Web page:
Revisiting bio-objects and bio-objectification: Categories, materialities and processes central to the (re)configuration of "life".
Andrew Webster (University of York)
Ingrid Metzler (Vienna University)
Bettina Bock von W├╝lfingen (Humboldt-Universit├Ąt zu Berlin)
Aaro Tupasela (University of Copenhagen)
Start time:
3 September, 2016 at 14:00
Session slots:

Short abstract:

We invite papers that use the bio-objects conceptual tools as heuristics for understanding the (re)configuration of "life", which can be seen as the articulation of collectives that do not fit within traditional dichotomies, actors and institutions in life-sciences and health technologies

Long abstract:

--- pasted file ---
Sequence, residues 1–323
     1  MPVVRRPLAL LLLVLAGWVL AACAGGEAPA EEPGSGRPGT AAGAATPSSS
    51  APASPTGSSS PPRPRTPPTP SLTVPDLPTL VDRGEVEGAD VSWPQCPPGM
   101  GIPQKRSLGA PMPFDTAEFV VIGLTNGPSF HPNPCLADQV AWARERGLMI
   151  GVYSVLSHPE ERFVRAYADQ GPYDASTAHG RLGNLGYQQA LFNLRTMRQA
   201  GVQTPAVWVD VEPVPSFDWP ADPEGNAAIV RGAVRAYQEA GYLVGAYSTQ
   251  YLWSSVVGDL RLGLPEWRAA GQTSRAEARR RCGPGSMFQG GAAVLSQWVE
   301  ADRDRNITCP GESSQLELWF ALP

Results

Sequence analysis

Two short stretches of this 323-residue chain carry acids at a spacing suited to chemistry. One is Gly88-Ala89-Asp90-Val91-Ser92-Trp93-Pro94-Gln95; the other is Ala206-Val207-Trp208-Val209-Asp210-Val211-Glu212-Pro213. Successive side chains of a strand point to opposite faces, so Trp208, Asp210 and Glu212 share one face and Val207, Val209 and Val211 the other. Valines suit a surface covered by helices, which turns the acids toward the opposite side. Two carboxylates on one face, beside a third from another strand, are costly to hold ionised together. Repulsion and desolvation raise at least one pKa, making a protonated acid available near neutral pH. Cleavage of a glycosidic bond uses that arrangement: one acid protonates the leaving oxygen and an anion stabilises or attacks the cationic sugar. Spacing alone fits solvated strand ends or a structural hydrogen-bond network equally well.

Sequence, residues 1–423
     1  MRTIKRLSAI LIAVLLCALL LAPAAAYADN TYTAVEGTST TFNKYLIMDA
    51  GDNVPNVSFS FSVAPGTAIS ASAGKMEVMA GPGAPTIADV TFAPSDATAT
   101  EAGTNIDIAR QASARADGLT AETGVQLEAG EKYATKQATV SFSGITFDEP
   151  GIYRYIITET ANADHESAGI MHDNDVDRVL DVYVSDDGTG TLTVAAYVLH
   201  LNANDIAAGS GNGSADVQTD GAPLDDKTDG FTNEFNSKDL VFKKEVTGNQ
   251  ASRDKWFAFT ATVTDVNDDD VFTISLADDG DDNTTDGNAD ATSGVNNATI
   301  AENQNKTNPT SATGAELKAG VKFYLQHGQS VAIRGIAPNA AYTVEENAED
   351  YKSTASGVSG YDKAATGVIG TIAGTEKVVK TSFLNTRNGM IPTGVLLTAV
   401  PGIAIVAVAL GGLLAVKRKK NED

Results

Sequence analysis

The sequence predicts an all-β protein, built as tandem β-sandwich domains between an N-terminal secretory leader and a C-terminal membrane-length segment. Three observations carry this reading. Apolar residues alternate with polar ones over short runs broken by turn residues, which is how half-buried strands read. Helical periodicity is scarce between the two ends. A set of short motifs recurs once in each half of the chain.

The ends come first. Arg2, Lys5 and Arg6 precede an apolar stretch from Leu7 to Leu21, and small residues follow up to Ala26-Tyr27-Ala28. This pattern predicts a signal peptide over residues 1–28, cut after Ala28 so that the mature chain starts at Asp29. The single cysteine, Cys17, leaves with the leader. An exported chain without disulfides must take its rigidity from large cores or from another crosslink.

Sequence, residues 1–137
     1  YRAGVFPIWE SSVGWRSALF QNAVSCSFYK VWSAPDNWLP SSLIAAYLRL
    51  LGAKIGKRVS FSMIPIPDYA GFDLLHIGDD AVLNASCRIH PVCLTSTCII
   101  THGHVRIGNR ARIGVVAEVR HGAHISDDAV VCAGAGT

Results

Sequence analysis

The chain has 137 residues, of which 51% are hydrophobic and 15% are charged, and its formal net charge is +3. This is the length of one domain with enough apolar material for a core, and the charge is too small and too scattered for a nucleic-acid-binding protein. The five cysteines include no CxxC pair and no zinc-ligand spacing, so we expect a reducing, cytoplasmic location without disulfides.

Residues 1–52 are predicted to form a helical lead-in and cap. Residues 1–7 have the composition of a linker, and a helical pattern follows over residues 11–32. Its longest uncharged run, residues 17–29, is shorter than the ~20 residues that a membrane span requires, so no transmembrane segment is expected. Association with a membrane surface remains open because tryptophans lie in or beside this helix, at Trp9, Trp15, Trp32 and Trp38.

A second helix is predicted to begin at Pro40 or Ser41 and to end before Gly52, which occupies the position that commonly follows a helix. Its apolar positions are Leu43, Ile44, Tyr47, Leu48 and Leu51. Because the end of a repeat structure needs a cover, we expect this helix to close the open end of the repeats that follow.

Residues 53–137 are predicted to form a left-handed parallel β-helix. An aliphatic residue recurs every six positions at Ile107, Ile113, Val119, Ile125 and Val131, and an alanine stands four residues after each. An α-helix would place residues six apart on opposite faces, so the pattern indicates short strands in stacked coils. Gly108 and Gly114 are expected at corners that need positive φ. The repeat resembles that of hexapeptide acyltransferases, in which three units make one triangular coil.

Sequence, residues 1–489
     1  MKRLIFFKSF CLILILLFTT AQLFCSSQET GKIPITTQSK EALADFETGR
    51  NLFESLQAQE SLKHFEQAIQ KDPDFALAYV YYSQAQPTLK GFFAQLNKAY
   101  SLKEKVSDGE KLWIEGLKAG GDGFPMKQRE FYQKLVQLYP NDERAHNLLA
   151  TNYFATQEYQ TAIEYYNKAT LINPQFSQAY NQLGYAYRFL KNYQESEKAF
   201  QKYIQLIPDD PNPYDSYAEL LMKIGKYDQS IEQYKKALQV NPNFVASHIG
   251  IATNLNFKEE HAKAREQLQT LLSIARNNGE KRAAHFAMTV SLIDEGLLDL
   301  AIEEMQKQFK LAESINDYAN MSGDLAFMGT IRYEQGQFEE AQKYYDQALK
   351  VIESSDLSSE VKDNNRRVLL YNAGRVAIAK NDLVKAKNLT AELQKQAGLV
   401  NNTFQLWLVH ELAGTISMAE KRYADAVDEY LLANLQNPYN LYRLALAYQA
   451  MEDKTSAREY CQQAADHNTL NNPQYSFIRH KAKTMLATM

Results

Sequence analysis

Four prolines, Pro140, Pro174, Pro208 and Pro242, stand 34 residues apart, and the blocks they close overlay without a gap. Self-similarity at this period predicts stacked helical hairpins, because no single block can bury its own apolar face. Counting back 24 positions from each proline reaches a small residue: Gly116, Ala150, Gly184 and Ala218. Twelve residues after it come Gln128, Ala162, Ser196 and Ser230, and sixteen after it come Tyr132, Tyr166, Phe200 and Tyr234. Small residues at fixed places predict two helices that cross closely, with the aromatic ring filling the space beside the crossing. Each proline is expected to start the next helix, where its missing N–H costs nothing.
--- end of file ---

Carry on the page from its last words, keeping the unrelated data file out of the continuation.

Bio-objects, bio-identification, and bio-objectification are a set of conceptual tools that have been developed over the past 10 years to help make sense of the re-configuration of life, the life-sciences and health technologies. These tools help us to make sense of the processes through which conventional boundaries and dichotomies surrounding life, the life-sciences and health technologies are challenged, resisted and/or redrawn. By tracing these processes through diverse laboratories, clinics, bio-economies, and digital realms we are not only able to come to a better understanding of how these novel materialities emerge and operate (i.e. bio-objects), but also of the relationships that are generated alongside them and the practices that seek to govern them. The bio-objects concept hints at the objects' material and socially ordered form; it is distinct from being a mere 'thing' without internal (material) or social (exterior/embedded) order. These two modes of ordering are always relational processes that can be traced in/to empirical situations. We therefore invite both empirical papers investigating processes of bio-objectification and bio-objectification, and theoretical papers seeking to revisit this conceptual toolkit. These papers could include the following areas: -Crafting bio-objects within digital realms -Bio-objects and generative relations -Bio-objectification and biobanking -Bio-objectification and bio-identification: papers on managing the unruly, mainstreaming the alternative -Alternative bio-economies: critical perspectives on a dominant discourse -Failed bio-objects and resistance to bio-objectification: revisiting (past) imaginations of bio-futures or failed attempt to work the identity of bio-objects in particular directions. -Historization of the bio-object conceptual tool kit SESSIONS: 4/3